Russian Imperial House Favours Restoration
of Romanov Tercentenary Chapel-Monument

The Romanov Tercentenary chapel-monument at Kostroma (left) was never completed, the pedestal
was used to erect another statue to glorify Lenin (right), which stands to this day, while the chapel was used as an art school

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The head of the Russian Imperial House, Grand Duchess Maria Vladimirovna, has endorsed the idea of restoring the memorial chapel in Kostroma, a monument in honor of 300 years of the Romanov dynasty.

"I believe that the reconstruction of the memorial chapel would be an act of historical justice and put an end to violations of Christians’ religious feelings," – the Grand Duchess said in response to a letter from Evgeny Efremov, a member of the Union of Architects of Russia.

In his letter, which he also sent to the Patriarch of Moscow and All Russia, Kirill, Efremov also noted that the chapel was built in 1913, but was never completed. A monument to Lenin was later erected in its place.

According to the architect, the approaching anniversary of the 400th anniversary of the Romanov dynasty would be marked with the "reconstruction of the chapel-monument to its original religious function." To this end, his team is ready to perform "all work related to design and estimate documentation, supervision of production and distribution operations."

"By 2013, under certain conditions, approval, subsidy and funding of the statue of Lenin can be moved to another location, and the chapel restored and opened in its original form. The funds will be sought through public initiative, by referring to the patrons and collecting donations from people," – he stated in his letter. According to the grand duchess, it is necessary to move the statue of Lenin, which she believes is now “intruding on Orthodox holy sites.” The revival of the chapel-monument would “fit perfectly into the architectural and natural landscape of Kostroma,” she stated.

"I believe that the project of restoration of the chapel, the monument in honor of calling to the throne of the Romanov dynasty and transfer to a new pedestal of the monument to Vladimir I. Ulyanov (Lenin) must be the same. In this case, it would be a particularly symbolic and important contribution to national unity, so how it can work together to send donations to fellow citizens of different political persuasions," Efremov said in response to Maria Vladimirovna.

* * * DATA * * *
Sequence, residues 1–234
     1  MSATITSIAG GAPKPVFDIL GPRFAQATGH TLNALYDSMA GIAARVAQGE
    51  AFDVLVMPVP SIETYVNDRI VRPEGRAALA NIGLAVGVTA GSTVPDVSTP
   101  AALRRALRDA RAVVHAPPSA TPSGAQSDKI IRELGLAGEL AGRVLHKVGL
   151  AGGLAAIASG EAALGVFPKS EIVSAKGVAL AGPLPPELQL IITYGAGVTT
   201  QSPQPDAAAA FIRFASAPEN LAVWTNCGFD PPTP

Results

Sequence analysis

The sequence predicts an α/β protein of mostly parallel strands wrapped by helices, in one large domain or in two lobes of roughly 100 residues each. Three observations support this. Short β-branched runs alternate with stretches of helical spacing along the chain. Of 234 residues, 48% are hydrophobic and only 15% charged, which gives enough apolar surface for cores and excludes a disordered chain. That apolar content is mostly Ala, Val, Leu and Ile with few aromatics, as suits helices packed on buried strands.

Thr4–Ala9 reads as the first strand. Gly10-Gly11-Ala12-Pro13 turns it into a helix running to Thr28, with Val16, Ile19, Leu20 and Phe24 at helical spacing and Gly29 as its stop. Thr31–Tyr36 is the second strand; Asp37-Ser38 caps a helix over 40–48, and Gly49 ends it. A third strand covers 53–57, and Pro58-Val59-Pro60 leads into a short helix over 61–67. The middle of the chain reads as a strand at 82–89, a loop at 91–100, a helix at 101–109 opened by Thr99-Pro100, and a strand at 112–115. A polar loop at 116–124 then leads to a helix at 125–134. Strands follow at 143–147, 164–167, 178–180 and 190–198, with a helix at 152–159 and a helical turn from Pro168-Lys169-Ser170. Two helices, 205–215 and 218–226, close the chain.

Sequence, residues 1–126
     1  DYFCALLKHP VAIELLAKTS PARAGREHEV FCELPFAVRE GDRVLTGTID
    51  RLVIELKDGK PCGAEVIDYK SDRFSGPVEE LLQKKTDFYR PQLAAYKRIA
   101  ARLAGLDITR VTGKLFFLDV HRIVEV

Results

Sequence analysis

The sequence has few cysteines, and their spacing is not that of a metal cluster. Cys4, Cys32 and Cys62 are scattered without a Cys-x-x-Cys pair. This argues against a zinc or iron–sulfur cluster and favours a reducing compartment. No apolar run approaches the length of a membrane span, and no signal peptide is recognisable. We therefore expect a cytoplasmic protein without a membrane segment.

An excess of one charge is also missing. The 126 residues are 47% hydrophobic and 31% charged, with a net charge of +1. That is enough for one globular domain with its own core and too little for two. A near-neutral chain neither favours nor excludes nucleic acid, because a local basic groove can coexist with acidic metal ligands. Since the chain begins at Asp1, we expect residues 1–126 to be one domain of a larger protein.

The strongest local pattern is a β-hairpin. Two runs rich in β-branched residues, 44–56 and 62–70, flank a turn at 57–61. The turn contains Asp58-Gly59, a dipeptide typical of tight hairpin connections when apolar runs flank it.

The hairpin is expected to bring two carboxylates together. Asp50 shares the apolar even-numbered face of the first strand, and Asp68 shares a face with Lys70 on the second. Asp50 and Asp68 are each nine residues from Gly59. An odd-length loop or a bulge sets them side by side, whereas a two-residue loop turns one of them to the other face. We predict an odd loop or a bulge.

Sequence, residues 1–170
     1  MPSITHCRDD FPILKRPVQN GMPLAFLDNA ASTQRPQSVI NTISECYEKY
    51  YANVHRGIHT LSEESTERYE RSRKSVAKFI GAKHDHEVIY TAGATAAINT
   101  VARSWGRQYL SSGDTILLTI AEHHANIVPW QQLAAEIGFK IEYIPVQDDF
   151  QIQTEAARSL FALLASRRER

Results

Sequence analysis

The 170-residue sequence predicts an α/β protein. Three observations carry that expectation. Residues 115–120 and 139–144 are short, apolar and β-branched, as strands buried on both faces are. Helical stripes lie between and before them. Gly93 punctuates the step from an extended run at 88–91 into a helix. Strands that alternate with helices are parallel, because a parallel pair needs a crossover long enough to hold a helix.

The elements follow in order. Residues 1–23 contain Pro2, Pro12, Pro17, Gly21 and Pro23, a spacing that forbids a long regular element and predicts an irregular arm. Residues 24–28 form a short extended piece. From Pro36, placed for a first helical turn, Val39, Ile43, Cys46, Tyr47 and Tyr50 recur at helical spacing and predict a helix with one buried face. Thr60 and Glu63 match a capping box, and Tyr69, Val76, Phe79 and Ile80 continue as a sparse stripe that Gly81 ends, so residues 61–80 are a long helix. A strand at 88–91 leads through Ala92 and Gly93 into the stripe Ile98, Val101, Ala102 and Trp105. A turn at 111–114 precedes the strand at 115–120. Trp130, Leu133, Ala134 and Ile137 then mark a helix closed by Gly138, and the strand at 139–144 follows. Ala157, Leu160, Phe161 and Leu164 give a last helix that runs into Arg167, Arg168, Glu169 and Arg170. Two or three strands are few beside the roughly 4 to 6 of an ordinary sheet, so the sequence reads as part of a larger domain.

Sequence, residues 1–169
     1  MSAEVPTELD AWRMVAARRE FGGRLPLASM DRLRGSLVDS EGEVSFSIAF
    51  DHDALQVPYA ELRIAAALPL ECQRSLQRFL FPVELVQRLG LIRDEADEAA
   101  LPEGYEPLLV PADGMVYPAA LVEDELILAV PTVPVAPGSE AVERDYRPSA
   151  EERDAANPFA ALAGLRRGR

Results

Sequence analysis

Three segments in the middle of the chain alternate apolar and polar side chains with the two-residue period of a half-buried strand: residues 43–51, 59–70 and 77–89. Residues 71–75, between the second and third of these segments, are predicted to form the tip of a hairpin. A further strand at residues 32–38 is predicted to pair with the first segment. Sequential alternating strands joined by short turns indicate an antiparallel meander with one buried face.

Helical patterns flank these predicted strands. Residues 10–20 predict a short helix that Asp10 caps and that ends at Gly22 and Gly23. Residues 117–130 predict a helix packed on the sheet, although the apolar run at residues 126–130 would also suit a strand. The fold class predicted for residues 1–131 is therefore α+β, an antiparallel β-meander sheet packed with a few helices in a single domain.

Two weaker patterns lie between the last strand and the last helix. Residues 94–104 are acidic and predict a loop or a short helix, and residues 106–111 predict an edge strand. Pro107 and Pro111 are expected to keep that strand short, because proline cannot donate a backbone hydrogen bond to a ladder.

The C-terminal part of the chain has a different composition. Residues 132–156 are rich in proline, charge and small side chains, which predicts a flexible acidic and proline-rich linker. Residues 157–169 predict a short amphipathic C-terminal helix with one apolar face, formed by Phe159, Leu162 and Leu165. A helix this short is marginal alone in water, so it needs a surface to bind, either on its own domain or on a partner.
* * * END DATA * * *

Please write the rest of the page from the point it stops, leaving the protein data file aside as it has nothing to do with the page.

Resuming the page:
Thus, the head of the Romanov dynasty, among all the participants of the project "to strengthen the consciousness that we have a common continuous great history that Russia for all its citizens - beyond any group or private interests, that goodness always triumphs evil and that differences should not lead us to mutual malice, blasphemy, and fratricide."

The chapel was originally designed by Alexander Adamson. The stone-laying ceremony of the monument and its dedication was attended by members of the imperial family, led by Nicholas II. The project came to an end with the outbreak of World War One in 1914.

After the revolution, a statue of Lenin was installed on the pedestal, while the chapel was used as an art school.

According to Adamson’s original plans, the composition of the chapel is a stepped cylindrical tower, where the cylinders are stacked on top of each other. The ring-shaped base is used for setting carved portraits of figures from the rulers of the Romanov dynasty.

The height of the monument - 36 meters, the number of figures on a pedestal -18, the total number of figures - 28. Some of them are equipped with attributes. For instance, Peter I is depicted in the background of the ship, and Alexander II - holding a copy of manifesto abolishing serfdom .

According to Efremov, the upcoming 400th anniversary of Romanov dynasty may be celebrated by "restoring the initial religious purpose of the chapel".

Sources: Интерфакс-Религия
29 March, 2011